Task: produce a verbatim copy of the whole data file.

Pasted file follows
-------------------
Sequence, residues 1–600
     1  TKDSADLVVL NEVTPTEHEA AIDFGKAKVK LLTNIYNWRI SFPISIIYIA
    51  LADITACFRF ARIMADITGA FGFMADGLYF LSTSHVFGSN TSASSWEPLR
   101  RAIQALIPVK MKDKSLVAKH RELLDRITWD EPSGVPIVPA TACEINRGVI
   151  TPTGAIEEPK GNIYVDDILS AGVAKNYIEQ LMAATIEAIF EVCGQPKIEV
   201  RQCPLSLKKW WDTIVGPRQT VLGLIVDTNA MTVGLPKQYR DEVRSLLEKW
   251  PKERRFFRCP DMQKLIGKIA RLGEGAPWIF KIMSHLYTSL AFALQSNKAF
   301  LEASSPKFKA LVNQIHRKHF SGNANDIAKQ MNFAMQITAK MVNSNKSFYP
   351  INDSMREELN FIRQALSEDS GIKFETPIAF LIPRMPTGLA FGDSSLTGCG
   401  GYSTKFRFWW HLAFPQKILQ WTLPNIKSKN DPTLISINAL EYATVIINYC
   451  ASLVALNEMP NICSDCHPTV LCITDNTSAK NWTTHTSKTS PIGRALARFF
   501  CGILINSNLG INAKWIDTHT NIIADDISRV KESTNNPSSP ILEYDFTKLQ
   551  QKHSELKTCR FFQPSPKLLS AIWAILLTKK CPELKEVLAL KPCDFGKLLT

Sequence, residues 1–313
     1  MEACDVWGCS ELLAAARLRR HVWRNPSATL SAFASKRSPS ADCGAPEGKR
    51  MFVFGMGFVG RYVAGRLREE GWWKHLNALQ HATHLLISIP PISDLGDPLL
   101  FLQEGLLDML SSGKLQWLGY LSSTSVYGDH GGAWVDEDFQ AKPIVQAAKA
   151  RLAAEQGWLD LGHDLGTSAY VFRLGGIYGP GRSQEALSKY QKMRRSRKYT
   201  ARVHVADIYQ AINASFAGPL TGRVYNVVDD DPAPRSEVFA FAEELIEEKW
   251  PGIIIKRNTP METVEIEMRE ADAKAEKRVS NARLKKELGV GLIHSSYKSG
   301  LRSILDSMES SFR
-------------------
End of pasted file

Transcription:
Sequence, residues 1–600
     1  TKDSADLVVL NEVTPTEHEA AIDFGKAKVK LLTNIYNWRI SFPISIIYIA
    51  LADITACFRF ARIMADITGA FGFMADGLYF LSTSHVFGSN TSASSWEPLR
   101  RAIQALIPVK MKDKSLVAKH RELLDRITWD EPSGVPIVPA TACEINRGVI
   151  TPTGAIEEPK GNIYVDDILS AGVAKNYIEQ LMAATIEAIF EVCGQPKIEV
   201  RQCPLSLKKW WDTIVGPRQT VLGLIVDTNA MTVGLPKQYR DEVRSLLEKW
   251  PKERRFFRCP DMQKLIGKIA RLGEGAPWIF KIMSHLYTSL AFALQSNKAF
   301  LEASSPKFKA LVNQIHRKHF SGNANDIAKQ MNFAMQITAK MVNSNKSFYP
   351  INDSMREELN FIRQALSEDS GIKFETPIAF LIPRMPTGLA FGDSSLTGCG
   401  GYSTKFRFWW HLAFPQKILQ WTLPNIKSKN DPTLISINAL EYATVIINYC
   451  ASLVALNEMP NICSDCHPTV LCITDNTSAK NWTTHTSKTS PIGRALARFF
   501  CGILINSNLG INAKWIDTHT NIIADDISRV KESTNNPSSP ILEYDFTKLQ
   551  QKHSELKTCR FFQPSPKLLS AIWAILLTKK CPELKEVLAL KPCDFGKLLT

Sequence, residues 1–313
     1  MEACDVWGCS ELLAAARLRR HVWRNPSATL SAFASKRSPS ADCGAPEGKR
    51  MFVFGMGFVG RYVAGRLREE GWWKHLNALQ HATHLLISIP PISDLGDPLL
   101  FLQEGLLDML SSGKLQWLGY LSSTSVYGDH GGAWVDEDFQ AKPIVQAAKA
   151  RLAAEQGWLD LGHDLGTSAY VFRLGGIYGP GRSQEALSKY QKMRRSRKYT
   201  ARVHVADIYQ AINASFAGPL TGRVYNVVDD DPAPRSEVFA FAEELIEEKW
   251  PGIIIKRNTP METVEIEMRE ADAKAEKRVS NARLKKELGV GLIHSSYKSG
   301  LRSILDSMES SFR